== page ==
British billionaire Sir Richard Branson's rocket company Virgin Orbit has filed for bankruptcy in the US after failing to secure new investment.
The satellite launch company halted operations weeks ago but it hopes to find a buyer for the business.
The company, based in California, announced last week that it would cut 85% of its 750-strong workforce.
Earlier this year, a Virgin Orbit rocket failed to complete its first-ever satellite launch from UK soil.
Virgin Orbit's boss Dan Hart said that although the company had "taken great efforts" to address its finances and secure more funding, "we ultimately must do what is best for the business."
He said that Virgin Orbit would now concentrate on finding a buyer for the business "to provide clarity on the future of the company to its customers, vendors, and employees".
Virgin Orbit was founded in 2017 and is a spin-off from Sir Richard's space tourism company Virgin Galactic.
It launches rockets from beneath modified Boeing 747 planes to send satellites into space.
But in January, an attempt to send a satellite into orbit from the UK for the first time failed because a rocket fuel filter had become dislodged, causing one of the engines to overheat.
The mission, which launched from Spaceport Cornwall, near Newquay, had been billed as a milestone for UK space exploration.
It was hoped it would mark a major step in helping to turn the UK into a global player - from manufacturing satellites to building rockets and creating new spaceports.
Virgin Orbit, which is mostly owned by Virgin Group, scrambled to find new funding following the UK rocket failure and paused operations last month to conserve cash.
The company, which listed its shares on New York's Nasdaq index in 2021, had debts of $153.5m (£123m) as of September last year.
On Tuesday, the company said Virgin Investments, part of Virgin Group, would provide $31.6m in new money to help Virgin Orbit through the process of finding a buyer.
It has filed for what is known as Chapter 11 bankruptcy protection in the US. This allows a business to keep operating and address its financial issues while providing protection against creditors who are owed money.
Former president of Virgin Galactic Will Whitehorn said the failed launch in Cornwall and the collapse of Silicon Valley Bank at the time it was trying to raise new funding contributed to its downfall.
But Mr Whitehorn said the business deserved a second chance because there was "a lot of demand" in the industry.
"What you have got to remember is they have got nearly 50 satellites into space already, so I think there's a chance they'll be back," he said.
Melissa Quinn, head of Spaceport Cornwall, said the news about Virgin Orbit was "very sad" but said the site would "remain focused on furthering the international space industry".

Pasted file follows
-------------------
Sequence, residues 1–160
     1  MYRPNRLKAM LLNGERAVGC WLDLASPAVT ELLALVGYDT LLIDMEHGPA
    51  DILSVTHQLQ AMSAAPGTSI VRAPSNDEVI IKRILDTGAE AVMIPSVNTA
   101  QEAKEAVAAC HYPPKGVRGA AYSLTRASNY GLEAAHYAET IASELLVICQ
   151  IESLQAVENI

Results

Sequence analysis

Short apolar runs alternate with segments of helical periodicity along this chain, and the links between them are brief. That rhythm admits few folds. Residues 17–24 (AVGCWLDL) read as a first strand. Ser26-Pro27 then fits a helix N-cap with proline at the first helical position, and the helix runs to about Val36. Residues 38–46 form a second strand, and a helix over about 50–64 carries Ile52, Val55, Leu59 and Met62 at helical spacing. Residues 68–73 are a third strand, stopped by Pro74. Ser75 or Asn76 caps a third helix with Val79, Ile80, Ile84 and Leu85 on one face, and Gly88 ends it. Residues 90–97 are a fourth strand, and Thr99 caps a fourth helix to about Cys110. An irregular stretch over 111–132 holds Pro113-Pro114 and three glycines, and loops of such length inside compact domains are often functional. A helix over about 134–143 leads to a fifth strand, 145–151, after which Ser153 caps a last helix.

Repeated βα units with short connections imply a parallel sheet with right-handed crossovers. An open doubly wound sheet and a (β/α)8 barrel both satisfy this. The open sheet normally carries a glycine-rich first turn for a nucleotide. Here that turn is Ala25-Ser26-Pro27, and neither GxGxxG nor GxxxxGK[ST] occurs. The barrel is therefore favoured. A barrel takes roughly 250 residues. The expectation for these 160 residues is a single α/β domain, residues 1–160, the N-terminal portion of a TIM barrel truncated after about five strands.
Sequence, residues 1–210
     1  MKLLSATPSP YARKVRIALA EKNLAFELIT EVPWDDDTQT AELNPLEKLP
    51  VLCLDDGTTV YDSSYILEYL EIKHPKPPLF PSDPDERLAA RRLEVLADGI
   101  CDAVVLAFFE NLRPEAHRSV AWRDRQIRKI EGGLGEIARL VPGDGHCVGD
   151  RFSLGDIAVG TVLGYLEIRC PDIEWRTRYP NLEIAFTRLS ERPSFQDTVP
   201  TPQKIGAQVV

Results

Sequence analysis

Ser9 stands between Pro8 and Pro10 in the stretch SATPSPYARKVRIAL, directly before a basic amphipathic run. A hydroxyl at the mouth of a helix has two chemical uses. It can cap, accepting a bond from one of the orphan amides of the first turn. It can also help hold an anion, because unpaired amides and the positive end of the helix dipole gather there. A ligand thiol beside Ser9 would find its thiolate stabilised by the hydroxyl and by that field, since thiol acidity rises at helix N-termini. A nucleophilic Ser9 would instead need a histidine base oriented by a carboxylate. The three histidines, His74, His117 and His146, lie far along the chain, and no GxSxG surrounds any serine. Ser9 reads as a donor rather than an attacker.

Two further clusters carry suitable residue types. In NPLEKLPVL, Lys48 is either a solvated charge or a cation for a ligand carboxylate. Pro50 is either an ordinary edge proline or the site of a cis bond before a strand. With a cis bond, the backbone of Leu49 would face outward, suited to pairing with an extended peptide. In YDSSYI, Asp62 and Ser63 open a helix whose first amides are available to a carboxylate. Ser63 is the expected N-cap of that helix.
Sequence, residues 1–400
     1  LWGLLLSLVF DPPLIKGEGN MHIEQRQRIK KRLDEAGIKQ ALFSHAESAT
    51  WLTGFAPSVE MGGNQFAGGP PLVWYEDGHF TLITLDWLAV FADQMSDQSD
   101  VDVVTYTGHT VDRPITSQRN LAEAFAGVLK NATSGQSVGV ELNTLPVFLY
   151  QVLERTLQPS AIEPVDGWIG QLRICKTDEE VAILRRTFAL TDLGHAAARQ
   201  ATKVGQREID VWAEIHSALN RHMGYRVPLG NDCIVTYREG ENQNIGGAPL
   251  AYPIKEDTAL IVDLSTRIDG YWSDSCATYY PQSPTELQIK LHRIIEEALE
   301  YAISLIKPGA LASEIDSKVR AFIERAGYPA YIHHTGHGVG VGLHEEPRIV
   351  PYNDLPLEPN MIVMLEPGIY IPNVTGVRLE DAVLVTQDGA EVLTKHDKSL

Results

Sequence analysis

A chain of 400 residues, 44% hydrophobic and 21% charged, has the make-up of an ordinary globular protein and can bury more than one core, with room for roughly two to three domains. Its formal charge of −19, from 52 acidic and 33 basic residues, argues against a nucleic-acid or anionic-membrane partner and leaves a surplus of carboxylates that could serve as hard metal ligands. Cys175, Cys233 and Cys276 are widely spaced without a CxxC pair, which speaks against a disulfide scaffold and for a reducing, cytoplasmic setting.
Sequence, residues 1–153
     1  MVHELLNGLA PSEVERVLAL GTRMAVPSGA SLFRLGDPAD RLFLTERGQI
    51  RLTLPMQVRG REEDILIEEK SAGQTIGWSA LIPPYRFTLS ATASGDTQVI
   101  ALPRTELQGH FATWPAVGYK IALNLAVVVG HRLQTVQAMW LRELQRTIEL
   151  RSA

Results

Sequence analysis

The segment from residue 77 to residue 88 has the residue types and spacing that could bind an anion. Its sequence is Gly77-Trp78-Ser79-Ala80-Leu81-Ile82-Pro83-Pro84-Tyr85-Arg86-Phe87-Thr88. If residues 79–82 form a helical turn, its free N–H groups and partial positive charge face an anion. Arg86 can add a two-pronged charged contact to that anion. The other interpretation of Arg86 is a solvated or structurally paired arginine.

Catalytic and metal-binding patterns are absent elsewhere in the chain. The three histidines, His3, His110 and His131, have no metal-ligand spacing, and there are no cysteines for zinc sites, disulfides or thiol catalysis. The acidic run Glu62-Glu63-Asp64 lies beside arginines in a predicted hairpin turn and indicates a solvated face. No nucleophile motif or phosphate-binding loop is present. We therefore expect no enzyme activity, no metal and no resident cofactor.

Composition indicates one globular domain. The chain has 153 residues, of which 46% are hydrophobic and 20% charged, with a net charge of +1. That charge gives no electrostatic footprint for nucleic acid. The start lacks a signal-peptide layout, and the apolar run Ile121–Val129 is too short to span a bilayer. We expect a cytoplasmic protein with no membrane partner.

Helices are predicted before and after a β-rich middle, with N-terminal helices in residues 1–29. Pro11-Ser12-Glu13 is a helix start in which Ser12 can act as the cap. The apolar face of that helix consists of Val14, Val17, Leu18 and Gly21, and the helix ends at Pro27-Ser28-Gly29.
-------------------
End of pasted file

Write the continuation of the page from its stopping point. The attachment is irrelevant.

She said it was the only licensed spaceport in the UK, had multiple users and was working with other launch operators, such as US company Sierra Space.
This is not the end for Virgin Orbit.
Quite a few space companies have gone through Chapter 11, only to re-emerge a few months later with new owners, no debts and a healthy stash of investment cash to take the business forward.
You need look no further than London-based OneWeb, which has just now managed to complete its broadband internet constellation in the sky.
But who will step forward to buy a rocket business? There are tens, if not hundreds, of similar enterprises across the world developing small launch vehicles.
If Sir Richard Branson's company can claim one key separator, it ought to be responsiveness - the ability with its jumbo jet platform to launch from anywhere at short notice. This has appeal to the military, for example. Except, the firm has found it very hard to do, launching only twice last year.
Any prospective new owner, therefore, will want to know a high cadence of launches can be achieved. This means going up every month, the original aim of the company.
Mr Hart said despite the financial problems, he was confident the company had a "wide appeal" to a new owner because its team had created "cutting edge launch technology".
But Danni Hewson, head of financial analysis at investment firm AJ Bell, said the company's failed launch mission from the UK was "not the best advert" for its technology.
"Neither is Virgin Orbit's collapse the best advert for the space investment theme," she added.
"This industry may have significant potential at some point in the unknown future but investors tempted to reach for the stars have only had their fingers burned so far."
The UK Space Agency said it had worked with Virgin Orbit for many years but said its issues were a commercial matter for the company.
It added that the UK space sector was "thriving" and said it generates £17.5bn worth of income a year.
Sir Richard is one of a very small group of billionaires who have expanded their business empires into launching satellites and attempts to pioneer commercial space travel.
The others include Jeff Bezos, founder of online retailer Amazon, who set up his space company Blue Origin, as well as Twitter and Tesla owner Elon Musk, who founded SpaceX.
Sir Richard and the Virgin Group have invested more than $1bn in the business in a quest to launch satellites through Virgin Orbit but also to develop reusable "space planes" to take tourists on brief trips to sub-orbital space.
Virgin Galactic has already started selling tickets for $250,000 for these journeys and celebrities such as pop star Justin Bieber have signed up.
But the main players in the "billionaire space race" have also faced criticism for what some see as offering joy rides for the super-wealthy at a time when countries across the globe are being impacted by climate change.
However, Mr Bezos has previously insisted his space exploration is partly an environmental mission "to take all heavy industry, all polluting industry and move it into space, and keep Earth as this beautiful gem of a planet that it is".